Moves this week to announce an approach to reopening by the universities of Cambridge and Bolton have been eye-catching – and have already sparked debate in university executive teams around the country. But they point to a piecemeal approach when what we need is coordinated national action to reopen higher education and secure its future.
Faced with mounting uncertainty, Cambridge has taken the plunge and announced most of its lectures will be online until summer 2021, while Bolton will go fully Covid-safe, turning the campus into a socially-distanced environment with temperature scanners and screens in front of lecturers, in something previously only imagined in science fiction.
Elsewhere on Wonkhe, my colleague Jim Dickinson points out the deep contradictions of these positions, as well as the ultimate similarities between them despite initial appearances. However things play out, both moves are likely to be influential on other universities’ own thinking, and the big broad brush signal being sent particularly by Cambridge with its outsized global reach and influence could even move the dial of public opinion and parental expectations towards safer online-only delivery for the year ahead. And Bolton’s first-mover advantage as the “Covid safe” campus, jumping the gun on UUK’s forthcoming guidance on this, looks like a potentially genius marketing move for them.
But as we’ve seen throughout the crisis, when government or regulatory advice has been absent, contradictory, or unworkable, individual providers have been forced to jump – and then others have followed.
Universities’ focus on one big bailout package during the early days of the pandemic is looking more and more like a strategic mistake. The political landscape couldn’t be more hostile to that approach. The request was made to a government that already thought universities were overfunded, is largely devoid of existing levers to create structural change, and that had set up a regulator that from the outset vowed never to bail out universities. Existing measures that have been announced are weak and don’t deal with any of the serious systemic problems for universities caused by the crisis.
The bailout proposal also failed to address the very real issues of student hardship and the plight of final year students graduating into a massive recession, and so lost an opportunity to garner wider public support. Notably, there was only a small reallocation of existing funds to support students in hardship from the government.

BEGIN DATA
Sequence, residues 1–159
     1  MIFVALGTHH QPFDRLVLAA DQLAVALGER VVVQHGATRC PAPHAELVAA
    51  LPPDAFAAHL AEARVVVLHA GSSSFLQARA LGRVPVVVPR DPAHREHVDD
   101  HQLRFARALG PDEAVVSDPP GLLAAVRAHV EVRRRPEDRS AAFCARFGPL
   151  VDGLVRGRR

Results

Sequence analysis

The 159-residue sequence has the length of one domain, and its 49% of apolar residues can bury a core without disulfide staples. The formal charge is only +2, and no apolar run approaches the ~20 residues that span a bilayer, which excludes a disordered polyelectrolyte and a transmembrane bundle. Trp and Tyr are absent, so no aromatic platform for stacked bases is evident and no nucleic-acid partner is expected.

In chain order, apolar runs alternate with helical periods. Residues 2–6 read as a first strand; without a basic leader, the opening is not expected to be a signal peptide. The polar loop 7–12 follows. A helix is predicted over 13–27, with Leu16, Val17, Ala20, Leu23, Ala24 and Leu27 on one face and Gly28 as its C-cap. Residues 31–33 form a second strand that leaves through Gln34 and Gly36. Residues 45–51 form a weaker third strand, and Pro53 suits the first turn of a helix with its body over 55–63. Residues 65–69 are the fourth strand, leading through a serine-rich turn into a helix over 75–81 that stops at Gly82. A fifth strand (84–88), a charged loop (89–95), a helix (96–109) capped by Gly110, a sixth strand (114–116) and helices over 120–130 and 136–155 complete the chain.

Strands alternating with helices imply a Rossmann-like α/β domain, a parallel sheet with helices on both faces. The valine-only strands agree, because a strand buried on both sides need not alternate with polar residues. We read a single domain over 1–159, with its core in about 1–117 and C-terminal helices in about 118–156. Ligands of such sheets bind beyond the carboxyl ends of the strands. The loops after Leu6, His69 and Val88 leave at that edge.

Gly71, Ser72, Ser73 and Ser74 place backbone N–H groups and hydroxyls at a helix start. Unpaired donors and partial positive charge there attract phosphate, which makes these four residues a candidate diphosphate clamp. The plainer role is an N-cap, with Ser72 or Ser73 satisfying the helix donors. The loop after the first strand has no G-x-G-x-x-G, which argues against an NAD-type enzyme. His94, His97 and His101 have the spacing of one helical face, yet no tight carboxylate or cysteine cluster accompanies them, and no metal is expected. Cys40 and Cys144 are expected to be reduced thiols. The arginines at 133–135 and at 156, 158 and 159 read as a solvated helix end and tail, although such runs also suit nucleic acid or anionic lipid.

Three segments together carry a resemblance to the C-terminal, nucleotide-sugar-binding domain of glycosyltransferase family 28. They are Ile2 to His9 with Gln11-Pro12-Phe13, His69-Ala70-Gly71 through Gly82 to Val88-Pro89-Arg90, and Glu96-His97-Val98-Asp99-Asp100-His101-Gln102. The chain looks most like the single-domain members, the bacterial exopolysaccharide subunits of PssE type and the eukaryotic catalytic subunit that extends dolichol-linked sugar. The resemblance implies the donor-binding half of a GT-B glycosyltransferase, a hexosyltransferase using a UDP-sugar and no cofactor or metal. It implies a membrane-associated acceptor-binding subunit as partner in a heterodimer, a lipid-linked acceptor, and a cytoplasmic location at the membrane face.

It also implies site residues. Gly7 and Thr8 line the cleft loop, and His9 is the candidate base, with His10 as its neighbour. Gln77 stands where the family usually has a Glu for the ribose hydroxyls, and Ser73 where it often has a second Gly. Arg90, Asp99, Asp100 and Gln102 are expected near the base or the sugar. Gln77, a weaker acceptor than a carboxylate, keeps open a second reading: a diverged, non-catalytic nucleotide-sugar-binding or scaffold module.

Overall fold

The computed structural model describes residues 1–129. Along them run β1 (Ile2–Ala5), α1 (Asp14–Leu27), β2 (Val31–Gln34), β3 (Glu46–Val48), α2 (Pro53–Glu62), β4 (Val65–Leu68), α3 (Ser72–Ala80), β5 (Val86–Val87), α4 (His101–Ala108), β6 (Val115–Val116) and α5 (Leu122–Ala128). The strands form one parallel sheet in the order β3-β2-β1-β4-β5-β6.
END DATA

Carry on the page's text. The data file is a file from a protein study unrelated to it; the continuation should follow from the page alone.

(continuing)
What universities offer to prospective students is wholly dependent on funding arriving via the student loan and finance system. Without student recruitment, for most universities, there’d be no product to sell.
Equivocation from the Office for Students, most notably at a recent Commons Education Committee, will only leave current and prospective students and parents more confused.
A national plan
It’s blindingly obvious that a national plan is needed, setting out what universities’ approach will be in September (with a degree of honesty over what will probably not be possible), reassuring new and returning students over finances, boosting students’ rights on accommodation, and setting out what additional support will be needed to address the needs of vulnerable and less advantaged students.
And if the decision is made to enable and support an on-campus experience this year, then underpinning a national plan, the government needs to provide crystal clear advice that enables a mass migration of students across the country (including to and from Wales, Scotland and Northern Ireland) to form new domiciles, with strangers and for the first time. And if the UK government (and its devolved counterparts) think that this carries too many health risks, then this needs to be set out urgently.
As a side note, the Welsh government has just published its own plan for the post-16 education sector, and what’s notable about it is not that it promises major injections of cash, or purports to know when, exactly, students will be able to return to campus.